Waste and Biomass Valorization

, Volume 10, Issue 4, pp 771–781 | Cite as

Production of Liquid Organic Fertilizer Through Anaerobic Digestion of Grass Clippings

  • Saman Mostafazadeh-Fard
  • Zohrab Samani
  • Paola BandiniEmail author
Original Paper


Due to the progressive increase of organic solid waste generation worldwide and the awareness of its potential negative impacts on human health and the environment, there is a need for developing sustainable techniques for valorization of organic waste. This paper addresses this challenge. The paper describes the results of three experiments (T1, T2, and T3) to produce a plant-based liquid solution, called liquid organic fertilizer (LOF), through three successive cycles (C1, C2 and C3) of anaerobic digestion and bio-leaching of grass clipping waste in pilot-scale bioreactors. The study investigated the effects of organic load (defined as the mass of total solids in the organic input [grass and molasses] divided by the total input mass [grass, molasses and water]) and the use of liquid molasses as co-digestion element (in T3) on the total nitrogen (TN), total phosphorus (TP) and potassium (K) accumulation in the leachate and the efficiency of nutrient recovery from grass clipping waste with the proposed technology. The organic loads considered were 7.0, 11.2, and 22.4% in T1, T2, and T3, respectively. The use of greater organic load in T2 led to significantly higher or comparable concentrations of TN–TP–K nutrients in the leachate at the end of each production cycle compared to T1. Co-digestion of grass clippings with molasses in test T3 showed a greater nutrient recovery from the grass substrate (RE = 53, 89, 97% for total Kjeldahl N, TP, K respectively) compared to T1 and T2. However, molasses contributes to the input nutrient content and, therefore, the net TN, TP, and K amounts should be also considered when evaluating the efficiency of the production process.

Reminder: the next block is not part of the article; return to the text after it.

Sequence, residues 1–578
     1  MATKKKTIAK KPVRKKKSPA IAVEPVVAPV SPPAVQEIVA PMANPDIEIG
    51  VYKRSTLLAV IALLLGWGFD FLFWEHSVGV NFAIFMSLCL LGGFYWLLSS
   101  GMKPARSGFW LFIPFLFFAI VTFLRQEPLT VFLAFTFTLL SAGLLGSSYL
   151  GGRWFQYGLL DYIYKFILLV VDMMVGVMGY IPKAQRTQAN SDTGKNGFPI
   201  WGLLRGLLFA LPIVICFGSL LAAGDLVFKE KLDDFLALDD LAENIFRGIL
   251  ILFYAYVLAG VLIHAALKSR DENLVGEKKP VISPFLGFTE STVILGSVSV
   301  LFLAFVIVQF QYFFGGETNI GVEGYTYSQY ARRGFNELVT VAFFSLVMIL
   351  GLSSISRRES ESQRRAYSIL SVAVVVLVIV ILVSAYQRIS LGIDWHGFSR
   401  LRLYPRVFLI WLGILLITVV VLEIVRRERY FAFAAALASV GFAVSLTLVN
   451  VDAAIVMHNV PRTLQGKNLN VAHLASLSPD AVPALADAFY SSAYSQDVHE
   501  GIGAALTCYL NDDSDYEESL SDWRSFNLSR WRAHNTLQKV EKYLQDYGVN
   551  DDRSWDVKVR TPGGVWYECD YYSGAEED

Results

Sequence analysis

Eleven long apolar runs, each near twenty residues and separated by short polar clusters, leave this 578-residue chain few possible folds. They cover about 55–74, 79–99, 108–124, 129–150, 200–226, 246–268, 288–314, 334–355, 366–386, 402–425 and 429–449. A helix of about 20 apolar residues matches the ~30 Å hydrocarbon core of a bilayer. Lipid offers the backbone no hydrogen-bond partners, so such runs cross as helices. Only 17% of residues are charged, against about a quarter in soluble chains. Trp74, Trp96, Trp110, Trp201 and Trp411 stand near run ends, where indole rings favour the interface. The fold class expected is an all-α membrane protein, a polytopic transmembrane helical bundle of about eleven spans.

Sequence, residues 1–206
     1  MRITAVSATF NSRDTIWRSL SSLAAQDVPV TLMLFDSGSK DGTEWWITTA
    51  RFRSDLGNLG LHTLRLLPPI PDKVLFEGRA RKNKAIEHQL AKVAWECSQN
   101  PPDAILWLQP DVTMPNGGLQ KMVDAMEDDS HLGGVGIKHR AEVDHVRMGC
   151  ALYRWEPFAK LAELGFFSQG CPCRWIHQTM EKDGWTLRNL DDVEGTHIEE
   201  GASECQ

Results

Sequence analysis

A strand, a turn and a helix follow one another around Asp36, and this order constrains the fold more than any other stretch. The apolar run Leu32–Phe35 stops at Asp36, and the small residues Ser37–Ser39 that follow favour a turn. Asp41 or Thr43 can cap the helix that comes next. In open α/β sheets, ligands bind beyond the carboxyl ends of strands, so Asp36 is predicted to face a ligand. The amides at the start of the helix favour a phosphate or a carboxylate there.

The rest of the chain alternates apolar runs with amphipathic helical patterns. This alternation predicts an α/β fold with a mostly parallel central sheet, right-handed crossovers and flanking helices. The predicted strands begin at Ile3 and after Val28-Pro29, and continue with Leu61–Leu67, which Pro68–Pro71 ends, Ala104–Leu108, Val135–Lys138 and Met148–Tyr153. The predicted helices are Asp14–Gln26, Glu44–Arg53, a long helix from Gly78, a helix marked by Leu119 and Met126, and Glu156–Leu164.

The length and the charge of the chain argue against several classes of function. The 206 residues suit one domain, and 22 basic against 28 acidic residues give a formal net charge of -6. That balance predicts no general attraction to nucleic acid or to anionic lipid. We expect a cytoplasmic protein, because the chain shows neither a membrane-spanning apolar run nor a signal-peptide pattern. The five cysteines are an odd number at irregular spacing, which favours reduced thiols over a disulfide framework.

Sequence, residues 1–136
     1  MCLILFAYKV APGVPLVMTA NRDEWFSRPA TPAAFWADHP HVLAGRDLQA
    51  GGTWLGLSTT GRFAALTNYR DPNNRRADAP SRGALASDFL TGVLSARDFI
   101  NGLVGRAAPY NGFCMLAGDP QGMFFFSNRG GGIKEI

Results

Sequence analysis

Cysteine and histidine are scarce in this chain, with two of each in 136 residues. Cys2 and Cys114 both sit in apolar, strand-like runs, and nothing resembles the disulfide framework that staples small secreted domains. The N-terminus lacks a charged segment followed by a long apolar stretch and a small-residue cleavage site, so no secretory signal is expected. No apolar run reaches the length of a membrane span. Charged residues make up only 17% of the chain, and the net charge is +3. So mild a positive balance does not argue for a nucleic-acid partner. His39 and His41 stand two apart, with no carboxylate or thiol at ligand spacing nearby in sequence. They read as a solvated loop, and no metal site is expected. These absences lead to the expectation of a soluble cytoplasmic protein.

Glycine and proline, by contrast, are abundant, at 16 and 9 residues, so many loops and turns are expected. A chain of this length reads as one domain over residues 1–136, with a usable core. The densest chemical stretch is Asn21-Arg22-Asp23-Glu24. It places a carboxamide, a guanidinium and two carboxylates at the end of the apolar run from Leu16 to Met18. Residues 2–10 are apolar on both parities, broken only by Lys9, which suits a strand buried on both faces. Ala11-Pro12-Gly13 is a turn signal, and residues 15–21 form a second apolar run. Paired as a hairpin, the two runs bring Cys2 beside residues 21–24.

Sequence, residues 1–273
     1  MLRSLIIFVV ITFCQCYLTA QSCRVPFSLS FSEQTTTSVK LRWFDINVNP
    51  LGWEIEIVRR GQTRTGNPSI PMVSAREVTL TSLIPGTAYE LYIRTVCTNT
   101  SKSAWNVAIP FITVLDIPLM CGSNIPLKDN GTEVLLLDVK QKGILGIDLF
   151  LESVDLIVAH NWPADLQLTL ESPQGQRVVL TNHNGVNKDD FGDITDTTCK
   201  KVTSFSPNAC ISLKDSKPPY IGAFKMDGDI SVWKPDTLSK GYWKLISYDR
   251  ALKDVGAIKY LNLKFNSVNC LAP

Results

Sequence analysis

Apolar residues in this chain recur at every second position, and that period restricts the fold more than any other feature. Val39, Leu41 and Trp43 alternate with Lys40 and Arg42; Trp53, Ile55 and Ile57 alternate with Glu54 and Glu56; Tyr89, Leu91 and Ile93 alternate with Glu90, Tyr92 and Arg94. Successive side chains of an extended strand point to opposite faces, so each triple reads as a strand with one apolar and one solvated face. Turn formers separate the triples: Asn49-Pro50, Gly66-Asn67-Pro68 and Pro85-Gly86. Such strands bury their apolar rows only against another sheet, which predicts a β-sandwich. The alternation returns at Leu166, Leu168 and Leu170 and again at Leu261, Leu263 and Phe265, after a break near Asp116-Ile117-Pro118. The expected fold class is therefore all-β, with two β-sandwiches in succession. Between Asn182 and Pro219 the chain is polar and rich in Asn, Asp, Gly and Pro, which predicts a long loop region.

Graphical Abstract


Bio-leaching Anaerobic digestion Grass clipping Organic fertilizer Sustainability Nitrogen Potassium Phosphorus 



This material is based upon work primarily supported by the National Science Foundation (NSF) under NSF Award Number EEC-1449501. Any opinions, findings and conclusions, or recommendations expressed in this material are those of the authors, and do not necessarily reflect those of the NSF. The technology described in this paper is protected by U.S. Patent 11, 866, 827. The authors thank Victor Lara and Jason Alcantar, undergraduate research students at New Mexico State University (NMSU), and Andrea Quitugua and Jose Martinez, student participants of the Research Experience for Undergraduates (REU) program at NMSU, for their assistance with testing setup and data collection. The authors sincerely thank the NMSU golf course staff that collected the grass clippings used in the study.


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Copyright information

© Springer Science+Business Media B.V. 2017

Authors and Affiliations

  1. 1.Department of Civil EngineeringNew Mexico State UniversityLas CrucesUSA
  2. 2.Department of Civil EngineeringNew Mexico State UniversityLas CrucesUSA
  3. 3.Department of Civil EngineeringNew Mexico State UniversityLas CrucesUSA

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